Thursday, July 18, 2024

Ribbro Long Beach soft opens with barbecue sandwiches until grand opening

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Ribbro Long Beach has officially soft opened in Belmont Shore, serving sandwiches only until its grand opening in July. Owner Mark Lee is aiming for a July 2 formal opening—but that all depends on equipment and timing.

Why only sandwiches for now at Ribbro Long Beach?

The Orange County-based barbecue joint took over the former Mangosteen space in Belmont Shore in March. (And this was following rumors that everyone from Bludso’s to Long Beach’s own Axiom would be taking over the space.) In that short time, they’ve already turned around the entirety of the space.

But they lack one very big thing: a smoker.

“Right now, we’re bringing in sandwich meats [from a separate location],” Mark said. “Hopefully when the smoker arrives by the end of the month, we can get straight to fully operating.”

So for now, platters of pork ribs, smoked brisket, and barbecue chicken will be on hold. In the interim, you can score one of their sandwiches—like the “Heavenly Brisket.” This hunk of a sammie takes smoked brisket and melds it with melted provolone, an onion ring, and tomato. Get your choice of sides and you’re good to go.

So what is Ribbro Long Beach and what can folks expect?

Think of Ribbro Long Beach as barbecue-with-tinges-of-Korean-flavors. There’s classics like barbecue chicken paired and mac’n’cheese—but you can also score gochuchang-slathered ribs and kimchi.

And let’s be honest: Ribbro could be a great addition to Belmont Shore, providing a nice deviation away from the many coffee and sweet shops that have made the area one of the most well-caffeinated and sugar-topped areas in the city—if their barbecue is up to the task.

With locations in Newport Beach and Lake Forest—far cries from the scenery here in Long Beach—they have already garnered a solid following down south. Should they compete with more local joints like the aforementioned Axiom, Brother’s Keeper, Big Brian’s Meats, Smuggler’s Port, and Full Send, then they’ll be fine.

Ribbro BBQ is one of many larger brands to step into Belmont Shore while the neighborhood undergoes a restaurant and shop renaissance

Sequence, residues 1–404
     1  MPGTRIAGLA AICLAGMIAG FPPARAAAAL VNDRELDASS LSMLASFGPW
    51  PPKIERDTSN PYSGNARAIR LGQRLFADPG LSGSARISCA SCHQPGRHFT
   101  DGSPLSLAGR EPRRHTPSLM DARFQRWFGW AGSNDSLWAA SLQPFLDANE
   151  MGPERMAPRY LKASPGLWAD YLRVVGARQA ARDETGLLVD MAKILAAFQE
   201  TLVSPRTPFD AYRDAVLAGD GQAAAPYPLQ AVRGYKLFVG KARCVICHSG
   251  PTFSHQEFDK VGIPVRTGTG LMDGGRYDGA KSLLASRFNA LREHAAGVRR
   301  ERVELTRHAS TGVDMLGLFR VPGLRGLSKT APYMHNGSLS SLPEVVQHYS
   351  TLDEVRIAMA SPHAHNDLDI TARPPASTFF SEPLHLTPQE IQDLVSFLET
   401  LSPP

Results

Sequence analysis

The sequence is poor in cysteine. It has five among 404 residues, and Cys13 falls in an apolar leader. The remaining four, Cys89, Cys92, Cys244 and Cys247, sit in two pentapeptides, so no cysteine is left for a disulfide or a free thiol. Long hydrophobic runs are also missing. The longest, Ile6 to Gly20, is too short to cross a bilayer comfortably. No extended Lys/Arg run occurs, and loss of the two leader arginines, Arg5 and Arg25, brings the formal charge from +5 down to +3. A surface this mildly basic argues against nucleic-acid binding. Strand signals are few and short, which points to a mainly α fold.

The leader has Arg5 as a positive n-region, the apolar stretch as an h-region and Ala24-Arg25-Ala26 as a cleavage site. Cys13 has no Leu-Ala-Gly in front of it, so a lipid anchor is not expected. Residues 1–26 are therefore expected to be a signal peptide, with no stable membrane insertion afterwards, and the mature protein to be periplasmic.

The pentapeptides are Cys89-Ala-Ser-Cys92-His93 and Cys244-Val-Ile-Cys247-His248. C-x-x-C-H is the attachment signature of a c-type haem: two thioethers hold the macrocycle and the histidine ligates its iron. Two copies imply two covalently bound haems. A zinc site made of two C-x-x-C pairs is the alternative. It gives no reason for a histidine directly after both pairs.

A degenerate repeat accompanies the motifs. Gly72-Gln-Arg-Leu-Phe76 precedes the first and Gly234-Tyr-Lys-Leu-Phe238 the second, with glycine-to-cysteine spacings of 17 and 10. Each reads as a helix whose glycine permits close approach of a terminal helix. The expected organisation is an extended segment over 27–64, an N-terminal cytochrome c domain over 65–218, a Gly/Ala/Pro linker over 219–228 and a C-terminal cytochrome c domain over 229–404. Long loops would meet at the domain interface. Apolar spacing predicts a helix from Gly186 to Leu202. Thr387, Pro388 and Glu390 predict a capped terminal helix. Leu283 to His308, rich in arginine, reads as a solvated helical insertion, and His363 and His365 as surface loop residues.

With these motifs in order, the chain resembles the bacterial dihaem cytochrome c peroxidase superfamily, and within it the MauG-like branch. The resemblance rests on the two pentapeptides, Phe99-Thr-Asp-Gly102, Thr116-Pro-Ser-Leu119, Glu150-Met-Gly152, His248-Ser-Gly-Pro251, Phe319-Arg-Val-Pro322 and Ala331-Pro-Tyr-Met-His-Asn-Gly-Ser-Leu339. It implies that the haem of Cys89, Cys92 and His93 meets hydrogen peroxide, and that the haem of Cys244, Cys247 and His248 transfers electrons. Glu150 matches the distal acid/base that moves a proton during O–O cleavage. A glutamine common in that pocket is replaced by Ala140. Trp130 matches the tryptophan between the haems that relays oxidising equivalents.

Belmont Shore is rapidly changing and has rapidly changed—especially across the past two years, where a slew of bigger, largely Los Angeles-based brands have opted to open up locations along the famed business corridor. It is a larger reflection of the post-pandemic need to get out, favoring walkable outdoor spaces of insulated indoor ones. Which is why storefronts are being snagged by new tenants and the neighborhood introduces new concepts like its walking tours.

There was the recent announcement that Kauai-based, taro donut masters Holey Grail have officially opened, adding to the Shore’s growing list of sweet spots. This can be added to future openings like North Hollywood-birthed Republic of Pie adding to that very sweetness while Angel’s Share, which quickly took over the former Taphouse space, has already opened up shop

The Win~Dow, Venice’s smash burger concept birthed in 2019 in a parking lot, has officially opened its first Long Beach location in Belmont Shore in the former Archibald’s space. Following its first location in Venice, its second location in Silver Lake, and its third here in Long Beach, more are to come in Southern California in 2024—but the Belmont Shore location has proven wildly fruitful: On the daily, there is a perpetual line for its affordable, minimalist burgers.

Goodies, the affordable home shop brand that opened its first brick-and-mortar in Santa Monica, moved into Belmont Shore. Founder and owner Rhea Carlisle—born in the Philippines, raised in a small, struggling town in South Texas—has brought a brand to the Shore than countless cities across SoCal have vied for only to find themselves empty handed. 

Then there’s been Candified. Le Macaron. Breakfast Republic. Foodologie. Nick the Greek. Louie’s. Northern Cafe. Sushi Nikkei’s second location in the city

The list goes on—as does the renaissance.

Ribbro Long Beach is located at 5295 E 2nd St.

Brian Addison
Brian Addison
Brian Addison has been a writer, editor, and photographer for more than a decade, covering everything from food and culture to transportation and housing. In 2015, he was named Journalist of the Year by the Los Angeles Press Club and has since garnered 25 nominations and three additional wins. In 2019, he was awarded the Food/Culture Critic of the Year across any platform at the National Arts & Entertainment Journalism Awards.

3 COMMENTS

    • I don’t believe any business is required to have a specific form of tender; there are many places which are cash only as well. The reason many are shifting toward this is often safety and accounting reasons: A lack of carrying cash is better in terms of potential burglaries and books are easier to handle with card transactions.

  1. Cash is always the best way to go that way they can keep their prices down because they don’t have to pay for the credit card exchange fees
    which vary from 10%-29% thus saving the business money

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